[Peer]
# beta site
PublicKey = <contents of /etc/wireguard/wgB.pub>
AllowedIPs = 10.10.11.0/24,10.10.9.0/31
Endpoint = <beta-gw-ip>:51000

On the gateway for the beta site we take similar steps:

$ sudo apt install wireguard
$ wg genkey | sudo tee /etc/wireguard/wgB.key
$ sudo cat /etc/wireguard/wgB.key | wg pubkey | sudo tee /etc/wireguard/wgB.pub

And create the corresponding configuration file for beta:

[Interface]
Address = 10.10.9.1/31
PostUp = wg set %i private-key /etc/wireguard/%i.key
ListenPort = 51000

[Peer]
# alpha site
PublicKey = <contents of /etc/wireguard/wgA.pub>
AllowedIPs = 10.10.10.0/24,10.10.9.0/31
Endpoint = <alpha-gw-ip>:51000

IMPORTANT

WireGuard is being setup on the gateways for these two networks. As such, there are no changes needed on individual hosts of each network, but keep in mind that the WireGuard tunneling and encryption is only happening between the alpha and beta gateways, and NOT between the hosts of each network.

Bringing the interfaces up

Since this VPN is permanent between static sites, it’s best to use the systemd unit file for wg-quick to bring the interfaces up and control them in general. In particular, we want them to be brought up automatically on reboot events.

On alpha:

$ sudo systemctl enable --now wg-quick@wgA

And similarly on beta:

$ sudo systemctl enable --now wg-quick@wgB

This both enables the interface on reboot, and starts it right away.

Firewall and routing

Both gateways probably already have some routing and firewall rules. These might need changes depending on how they are setup.

The individual hosts on each network won’t need any changes regarding the remote alpha or beta networks, because they will just send that traffic to the default gateway (as any other non-local traffic), which knows how to route it because of the routes that wg-quick added.

In the configuration we did so far, there have been no restrictions in place, so traffic between both sites flows without impediments.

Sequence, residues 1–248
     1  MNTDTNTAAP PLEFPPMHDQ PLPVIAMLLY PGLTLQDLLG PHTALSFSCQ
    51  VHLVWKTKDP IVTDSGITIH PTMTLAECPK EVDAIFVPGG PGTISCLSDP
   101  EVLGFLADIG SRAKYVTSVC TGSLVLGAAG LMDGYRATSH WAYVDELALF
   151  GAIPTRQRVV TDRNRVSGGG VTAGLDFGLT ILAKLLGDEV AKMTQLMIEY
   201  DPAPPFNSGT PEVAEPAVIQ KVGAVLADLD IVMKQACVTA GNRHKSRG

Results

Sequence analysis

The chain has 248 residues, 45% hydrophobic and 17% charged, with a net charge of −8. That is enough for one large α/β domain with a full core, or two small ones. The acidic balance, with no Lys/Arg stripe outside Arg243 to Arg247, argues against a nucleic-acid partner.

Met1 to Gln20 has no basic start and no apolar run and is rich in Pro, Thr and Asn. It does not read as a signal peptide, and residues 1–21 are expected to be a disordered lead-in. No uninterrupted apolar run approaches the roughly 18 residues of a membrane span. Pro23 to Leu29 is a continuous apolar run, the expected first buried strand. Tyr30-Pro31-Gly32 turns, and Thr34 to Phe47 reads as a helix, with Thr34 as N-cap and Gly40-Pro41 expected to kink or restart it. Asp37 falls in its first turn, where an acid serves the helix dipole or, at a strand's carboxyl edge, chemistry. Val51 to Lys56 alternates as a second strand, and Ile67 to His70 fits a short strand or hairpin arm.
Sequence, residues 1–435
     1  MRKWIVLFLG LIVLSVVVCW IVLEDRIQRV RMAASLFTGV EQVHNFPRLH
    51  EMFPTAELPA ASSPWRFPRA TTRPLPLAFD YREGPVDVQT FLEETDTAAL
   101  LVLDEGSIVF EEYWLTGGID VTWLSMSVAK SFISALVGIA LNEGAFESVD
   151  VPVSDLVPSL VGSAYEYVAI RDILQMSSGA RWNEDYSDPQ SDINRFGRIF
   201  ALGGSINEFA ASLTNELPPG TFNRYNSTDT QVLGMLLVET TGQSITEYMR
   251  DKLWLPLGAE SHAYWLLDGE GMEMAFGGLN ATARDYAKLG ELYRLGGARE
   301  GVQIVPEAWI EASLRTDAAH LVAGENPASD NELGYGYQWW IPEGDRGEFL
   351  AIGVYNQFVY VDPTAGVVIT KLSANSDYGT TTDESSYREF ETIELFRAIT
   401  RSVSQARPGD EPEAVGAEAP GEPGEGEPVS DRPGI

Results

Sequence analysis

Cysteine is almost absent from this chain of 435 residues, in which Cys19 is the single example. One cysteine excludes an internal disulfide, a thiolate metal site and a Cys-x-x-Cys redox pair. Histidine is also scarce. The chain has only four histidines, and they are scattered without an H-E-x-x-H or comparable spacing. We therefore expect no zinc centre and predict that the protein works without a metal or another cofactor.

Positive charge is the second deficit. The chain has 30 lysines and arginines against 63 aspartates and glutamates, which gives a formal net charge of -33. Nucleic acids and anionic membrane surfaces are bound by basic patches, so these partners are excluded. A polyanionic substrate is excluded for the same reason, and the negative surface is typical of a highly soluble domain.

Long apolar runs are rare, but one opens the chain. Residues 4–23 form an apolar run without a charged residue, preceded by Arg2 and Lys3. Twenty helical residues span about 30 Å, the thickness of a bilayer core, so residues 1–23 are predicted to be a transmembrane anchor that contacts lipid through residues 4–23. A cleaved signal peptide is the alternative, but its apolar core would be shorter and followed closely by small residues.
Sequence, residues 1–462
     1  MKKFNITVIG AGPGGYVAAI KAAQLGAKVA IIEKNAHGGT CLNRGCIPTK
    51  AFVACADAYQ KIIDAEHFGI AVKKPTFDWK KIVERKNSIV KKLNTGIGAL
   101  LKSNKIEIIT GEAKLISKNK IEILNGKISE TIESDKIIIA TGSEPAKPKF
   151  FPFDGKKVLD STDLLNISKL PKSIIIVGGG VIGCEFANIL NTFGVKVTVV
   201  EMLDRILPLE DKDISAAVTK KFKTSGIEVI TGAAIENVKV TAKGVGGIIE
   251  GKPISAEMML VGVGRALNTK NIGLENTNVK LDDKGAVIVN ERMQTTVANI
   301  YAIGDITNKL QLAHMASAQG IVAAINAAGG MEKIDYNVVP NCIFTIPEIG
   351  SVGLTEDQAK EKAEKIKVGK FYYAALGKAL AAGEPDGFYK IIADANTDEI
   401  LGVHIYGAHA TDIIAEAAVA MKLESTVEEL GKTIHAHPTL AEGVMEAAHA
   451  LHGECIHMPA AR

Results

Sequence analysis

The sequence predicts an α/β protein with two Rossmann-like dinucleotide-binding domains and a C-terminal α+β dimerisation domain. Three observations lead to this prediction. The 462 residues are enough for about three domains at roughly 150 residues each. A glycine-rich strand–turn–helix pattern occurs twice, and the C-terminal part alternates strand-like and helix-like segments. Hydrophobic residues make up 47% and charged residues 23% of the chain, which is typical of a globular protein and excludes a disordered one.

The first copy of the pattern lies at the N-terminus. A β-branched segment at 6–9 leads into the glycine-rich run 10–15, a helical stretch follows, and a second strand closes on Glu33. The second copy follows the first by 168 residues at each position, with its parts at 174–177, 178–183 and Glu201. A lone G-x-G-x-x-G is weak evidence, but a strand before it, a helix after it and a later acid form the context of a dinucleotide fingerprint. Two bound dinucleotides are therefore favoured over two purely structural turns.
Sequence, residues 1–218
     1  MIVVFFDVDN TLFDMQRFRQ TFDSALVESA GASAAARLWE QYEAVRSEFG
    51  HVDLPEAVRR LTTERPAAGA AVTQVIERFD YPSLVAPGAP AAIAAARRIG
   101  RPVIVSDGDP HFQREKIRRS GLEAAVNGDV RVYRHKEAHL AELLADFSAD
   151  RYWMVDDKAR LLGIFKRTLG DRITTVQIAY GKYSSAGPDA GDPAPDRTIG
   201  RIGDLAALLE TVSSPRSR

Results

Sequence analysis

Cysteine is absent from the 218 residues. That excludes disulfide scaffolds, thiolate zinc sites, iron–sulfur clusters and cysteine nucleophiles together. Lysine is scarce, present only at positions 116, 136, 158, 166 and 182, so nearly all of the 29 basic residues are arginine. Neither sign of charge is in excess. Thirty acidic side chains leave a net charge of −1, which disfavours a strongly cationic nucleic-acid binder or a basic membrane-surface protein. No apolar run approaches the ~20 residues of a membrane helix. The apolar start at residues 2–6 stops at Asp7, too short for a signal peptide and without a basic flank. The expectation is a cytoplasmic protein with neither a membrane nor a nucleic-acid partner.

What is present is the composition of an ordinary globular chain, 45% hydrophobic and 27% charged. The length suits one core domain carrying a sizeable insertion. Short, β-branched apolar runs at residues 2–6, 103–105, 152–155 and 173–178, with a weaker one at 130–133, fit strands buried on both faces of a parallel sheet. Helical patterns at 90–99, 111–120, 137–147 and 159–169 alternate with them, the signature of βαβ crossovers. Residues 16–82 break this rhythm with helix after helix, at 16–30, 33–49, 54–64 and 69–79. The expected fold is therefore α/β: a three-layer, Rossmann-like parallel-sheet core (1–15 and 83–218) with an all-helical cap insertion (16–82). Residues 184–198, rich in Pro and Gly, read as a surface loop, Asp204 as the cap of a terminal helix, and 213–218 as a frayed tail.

In general, what needs to be done or checked is:

  • Make sure both gateways can contact each other on the specified endpoint addresses and UDP port. In the case of this example, that’s port 51000. For extra security, create a firewall rule only allowing each peer to contact this port, instead of the Internet at large.

  • Do NOT masquerade or NAT the traffic coming from the internal network and going out via the WireGuard interface towards the other site. This is purely routed traffic.

  • There shouldn’t be any routing changes needed on the gateways, since wg-quick takes care of adding the route for the remote site, but do check the routing table to see if it makes sense (ip route and ip route | grep wg are a good start).

  • You may have to create new firewall rules if you need to restrict traffic between the alpha and beta networks.
    For example, if you want to prevent ssh between the sites, you could add a firewall rule like this one to alpha:

    $ sudo iptables -A FORWARD -i wgA -p tcp --dport 22 -j REJECT

    And similarly on beta:

    $ sudo iptables -A FORWARD -i wgB -p tcp --dport 22 -j REJECT

    You can add these as PostUp actions in the WireGuard interface config. Just don’t forget the remove them in the corresponding PreDown hook, or you will end up with multiple rules.